Posted by Don Klipstein on June 20, 2011, 9:02 pm
I would replace the 5-footers with 4-footers. More 4-footers are made
than all other sizes of fluoros combined. Going with the flow will
greatly improve your ballast choices.
- Don Klipstein (firstname.lastname@example.org)
Posted by Andrew Gabriel on June 21, 2011, 9:04 pm
Don@DonKlipstein.com (Don Klipstein) writes:
Whilst that is likely in the US (I'm always somewhat surprised to see
large US supermarket lit with rows and rows of 4' T12 tubes), it's not true
here. 4' was a popular size in the home in the 1960's, but in supermarkets
and other similar installations, they tend to be 5', 6' or 8' tubes (8' is
becoming rarer now), but never 4', possibly because of their low loading
compared with the longer tubes.
In offices, you can find 4' tubes in 1200x600mm modular ceiling lights,
but 2' tubes in 600x600mm modular ceiling lights are much more common.
(These are giving way to externally ballasted compact fluorescents now.)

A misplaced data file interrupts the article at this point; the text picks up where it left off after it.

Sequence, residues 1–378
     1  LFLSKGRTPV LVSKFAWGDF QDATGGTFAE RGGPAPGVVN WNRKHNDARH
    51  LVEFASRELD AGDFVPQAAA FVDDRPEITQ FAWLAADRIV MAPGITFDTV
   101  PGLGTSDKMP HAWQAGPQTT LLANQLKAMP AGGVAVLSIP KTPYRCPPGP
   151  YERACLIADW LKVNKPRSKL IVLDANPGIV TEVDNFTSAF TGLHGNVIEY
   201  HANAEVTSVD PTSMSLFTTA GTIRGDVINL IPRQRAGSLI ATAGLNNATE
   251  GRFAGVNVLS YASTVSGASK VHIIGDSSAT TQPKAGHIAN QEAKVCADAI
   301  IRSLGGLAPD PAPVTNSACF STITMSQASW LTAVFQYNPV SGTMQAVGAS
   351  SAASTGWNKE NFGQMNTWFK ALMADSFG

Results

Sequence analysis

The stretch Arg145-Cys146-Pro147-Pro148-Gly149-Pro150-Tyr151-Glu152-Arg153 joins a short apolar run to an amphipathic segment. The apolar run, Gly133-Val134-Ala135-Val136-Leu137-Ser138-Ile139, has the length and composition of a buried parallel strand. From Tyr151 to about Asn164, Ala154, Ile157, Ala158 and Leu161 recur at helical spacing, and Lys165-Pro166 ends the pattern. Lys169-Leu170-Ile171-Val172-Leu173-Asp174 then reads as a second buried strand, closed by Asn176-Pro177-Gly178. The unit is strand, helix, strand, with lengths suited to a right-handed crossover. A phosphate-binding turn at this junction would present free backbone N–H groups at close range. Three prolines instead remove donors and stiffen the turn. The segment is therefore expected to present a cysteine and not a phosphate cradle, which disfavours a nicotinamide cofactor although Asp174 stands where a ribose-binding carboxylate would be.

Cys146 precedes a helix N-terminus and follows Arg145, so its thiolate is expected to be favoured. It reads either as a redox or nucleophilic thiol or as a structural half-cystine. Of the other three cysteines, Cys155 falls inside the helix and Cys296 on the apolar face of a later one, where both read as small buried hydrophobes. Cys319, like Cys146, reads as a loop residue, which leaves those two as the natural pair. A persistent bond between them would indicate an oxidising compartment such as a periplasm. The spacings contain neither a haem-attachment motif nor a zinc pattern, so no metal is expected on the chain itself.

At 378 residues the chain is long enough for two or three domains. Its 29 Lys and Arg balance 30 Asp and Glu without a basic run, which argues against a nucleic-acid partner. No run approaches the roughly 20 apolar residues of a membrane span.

[email address is not usable -- followup in the newsgroup]
Posted by Victor Roberts on June 20, 2011, 11:02 pm
On Sun, 19 Jun 2011 23:52:29 +0100, The Other Mike
I agree with Andrew about DC input. Most electronic ballasts will
work rather well on DC input power, and many ballast manufacturers
even rate then for DC input. So, you can either recondigure your
battery pack for high DC voltage (which I understand you do not want
to do); or try the electronic ballasts on the square wave output,
which they may like just fine; or rectify the square wave output to
produce DC and feed the ballasts with that.
sci.engr.lighting Rogues Gallery http://www.langmuir.org
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Posted by Dave Plowman (News) on June 22, 2011, 11:11 pm
My feeling is that magnetic ballast mains florries fed via an inverter
would be very little more efficient than 12 volt halogen lighting.
*Save a tree, eat a beaver*
Dave Plowman email@example.com London SW
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Posted by Tabby on June 23, 2011, 12:51 am
electronic invertors get over 90% efficiency, the difference between
the 2 is huge